By Michael McMullan
THREE days have passed since St Eunan’s brought the Dr Maguire Cup back to Letterkenny, but club Chairman John Haran’s voice is still dancing with delight.
A holder of eight senior medals himself, he is putting something back into the club and landing the treble has the shot them to the top of the tree in Donegal.
“It has been a mad couple of weeks. It changes so quick, but that’s what success does,” Haran said.
The senior ladies won the intermediate title, the hurlers won a first title since 1972 despite being total underdogs and Rory Kavanagh’s senior footballers weren’t fancied to beat three-in-a-row chasing Naomh Conaill.
Haran was playing with the Donegal Masters on the day the hurlers shocked raging hot favourites Setanta to take a first title since 1972.
“I came out of the dressing rooms after it and one of the selectors, who had a son playing, told me they won by a point,” Haran said.
Going into the football decider, they were again underdogs ahead of their 1-11 to 0-4 win over Glenties.
“I was going into the game and chatting to Charlie (Mulgrew) and I thought we were up against it. In a final, if we played well, we’d run them close but I knew we’d have to improve,” he said.
“We blew them out of the water. Glenties were on a high after beating Kilcar and Gaoth Dobhair. That’s two big games and they looked very impressive.”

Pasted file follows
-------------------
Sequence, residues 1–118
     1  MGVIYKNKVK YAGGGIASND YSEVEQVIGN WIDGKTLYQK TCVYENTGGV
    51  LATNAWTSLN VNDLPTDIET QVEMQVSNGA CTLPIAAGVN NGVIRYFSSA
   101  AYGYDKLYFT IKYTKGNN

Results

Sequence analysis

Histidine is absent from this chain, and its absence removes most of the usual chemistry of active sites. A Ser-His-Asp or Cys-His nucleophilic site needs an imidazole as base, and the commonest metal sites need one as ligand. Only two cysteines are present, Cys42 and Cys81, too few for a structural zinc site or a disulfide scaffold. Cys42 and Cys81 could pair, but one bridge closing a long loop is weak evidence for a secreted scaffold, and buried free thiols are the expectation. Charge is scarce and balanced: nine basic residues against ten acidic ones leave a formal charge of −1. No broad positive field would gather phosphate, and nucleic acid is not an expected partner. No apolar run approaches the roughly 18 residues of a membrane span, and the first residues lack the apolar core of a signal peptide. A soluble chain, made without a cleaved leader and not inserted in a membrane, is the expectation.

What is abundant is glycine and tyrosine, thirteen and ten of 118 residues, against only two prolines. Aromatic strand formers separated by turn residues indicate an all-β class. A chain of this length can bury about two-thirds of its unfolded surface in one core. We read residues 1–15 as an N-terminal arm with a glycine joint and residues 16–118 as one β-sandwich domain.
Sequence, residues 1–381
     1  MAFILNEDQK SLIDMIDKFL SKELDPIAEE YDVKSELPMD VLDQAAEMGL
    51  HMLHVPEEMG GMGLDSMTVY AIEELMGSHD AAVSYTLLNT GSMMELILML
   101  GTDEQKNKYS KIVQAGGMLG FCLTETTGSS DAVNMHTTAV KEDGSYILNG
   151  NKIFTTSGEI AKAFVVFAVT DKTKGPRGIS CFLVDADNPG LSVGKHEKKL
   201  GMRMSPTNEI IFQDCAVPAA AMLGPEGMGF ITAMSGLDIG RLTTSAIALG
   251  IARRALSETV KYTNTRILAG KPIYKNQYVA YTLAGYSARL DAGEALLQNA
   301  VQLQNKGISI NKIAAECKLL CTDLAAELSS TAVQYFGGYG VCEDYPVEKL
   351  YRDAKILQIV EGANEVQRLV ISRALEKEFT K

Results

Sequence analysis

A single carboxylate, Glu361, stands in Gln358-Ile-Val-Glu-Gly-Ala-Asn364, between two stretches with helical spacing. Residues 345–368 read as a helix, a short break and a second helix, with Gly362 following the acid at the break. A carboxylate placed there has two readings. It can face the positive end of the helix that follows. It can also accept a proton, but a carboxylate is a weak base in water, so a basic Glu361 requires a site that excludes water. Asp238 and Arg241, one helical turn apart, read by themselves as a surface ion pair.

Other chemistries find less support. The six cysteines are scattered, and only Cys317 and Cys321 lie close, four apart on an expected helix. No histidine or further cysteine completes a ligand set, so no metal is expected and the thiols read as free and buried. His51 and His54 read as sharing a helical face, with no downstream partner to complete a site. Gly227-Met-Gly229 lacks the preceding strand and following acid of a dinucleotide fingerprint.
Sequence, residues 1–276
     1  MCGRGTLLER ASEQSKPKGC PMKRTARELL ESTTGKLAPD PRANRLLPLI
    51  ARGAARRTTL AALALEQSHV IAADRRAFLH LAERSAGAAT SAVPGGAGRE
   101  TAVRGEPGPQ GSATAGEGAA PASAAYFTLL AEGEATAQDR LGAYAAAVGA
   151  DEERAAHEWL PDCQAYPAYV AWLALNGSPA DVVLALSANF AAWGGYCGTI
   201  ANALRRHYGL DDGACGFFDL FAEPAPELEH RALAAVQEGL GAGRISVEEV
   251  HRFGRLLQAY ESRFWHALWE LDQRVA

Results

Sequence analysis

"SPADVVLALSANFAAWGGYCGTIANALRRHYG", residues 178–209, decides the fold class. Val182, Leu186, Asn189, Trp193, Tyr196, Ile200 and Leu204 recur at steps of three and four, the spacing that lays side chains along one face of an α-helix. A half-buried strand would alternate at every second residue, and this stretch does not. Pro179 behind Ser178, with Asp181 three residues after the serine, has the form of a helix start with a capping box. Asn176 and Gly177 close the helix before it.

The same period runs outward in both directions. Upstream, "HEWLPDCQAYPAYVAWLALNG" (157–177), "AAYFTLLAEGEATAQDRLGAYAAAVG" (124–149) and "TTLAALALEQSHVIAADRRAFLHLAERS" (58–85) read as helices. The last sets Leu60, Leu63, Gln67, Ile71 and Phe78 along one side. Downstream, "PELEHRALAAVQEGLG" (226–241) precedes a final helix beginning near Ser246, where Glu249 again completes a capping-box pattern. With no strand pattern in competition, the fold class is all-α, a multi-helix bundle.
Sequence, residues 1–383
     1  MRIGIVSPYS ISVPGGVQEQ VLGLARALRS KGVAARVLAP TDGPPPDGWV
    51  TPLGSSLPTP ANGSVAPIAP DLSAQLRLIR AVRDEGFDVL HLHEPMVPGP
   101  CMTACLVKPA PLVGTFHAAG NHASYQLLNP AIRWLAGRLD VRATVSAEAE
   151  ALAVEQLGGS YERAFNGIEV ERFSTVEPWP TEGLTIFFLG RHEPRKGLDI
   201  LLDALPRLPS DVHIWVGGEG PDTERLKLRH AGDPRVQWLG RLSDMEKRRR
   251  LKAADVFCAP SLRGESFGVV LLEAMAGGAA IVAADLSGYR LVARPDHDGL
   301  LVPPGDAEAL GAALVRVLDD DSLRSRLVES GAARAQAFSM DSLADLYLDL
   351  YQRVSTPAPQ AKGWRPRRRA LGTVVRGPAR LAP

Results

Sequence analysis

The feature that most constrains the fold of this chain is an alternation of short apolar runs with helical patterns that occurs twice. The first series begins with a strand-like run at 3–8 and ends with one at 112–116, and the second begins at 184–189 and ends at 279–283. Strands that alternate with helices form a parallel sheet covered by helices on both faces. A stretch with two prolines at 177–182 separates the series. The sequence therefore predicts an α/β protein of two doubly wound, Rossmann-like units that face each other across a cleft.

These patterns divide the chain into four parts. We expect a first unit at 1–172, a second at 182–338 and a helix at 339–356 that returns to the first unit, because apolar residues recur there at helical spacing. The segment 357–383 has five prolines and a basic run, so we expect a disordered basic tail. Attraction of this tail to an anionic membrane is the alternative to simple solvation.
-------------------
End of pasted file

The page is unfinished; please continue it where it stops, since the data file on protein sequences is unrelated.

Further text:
The St Eunan’s team is a new generation based on their recent minor winning teams and littered with players who have inter-county underage experience.
After taking their ‘eye off the ball’ St Eunan’s have cranked up their underage development again and there is a buzz in the air again. The town was decked in bunting and flags.
“We were in five finals in a row (2005 to 2009) or every other year. The fact there was six years since the last, there was a different feel around the town,” said Haran, who is a school Principal in Letterkenny.
“We are a big town and 90 percent of the people wouldn’t realise St Eunan’s were in a county final, that’s the reality of it.
“For the people who used to play for the club, there is a still a big cohort of them still around. It was great to be in the final and then to win it against all the odds, it was mighty.”
It was the final leg of the treble which saw the ladies win their title before exiting to Derry champions and Ulster finalists Steelstown.
“Our ladies’ team, when they started, maybe won 10 or 12 championships in a row. They got to an All-Ireland Final (1996) against Shelmaliers of Wexford.
“They had fallen away. They were out of the blocks. Then Glenfin, Termon and Moville came through and our ladies dropped off.”
Now they are back and their minors won the Grade A championship this season.
“There are plenty of girls out at the academy on a Sunday morning,” Haran adds.
“There is a good buzz with them too and they are an important part of the club.”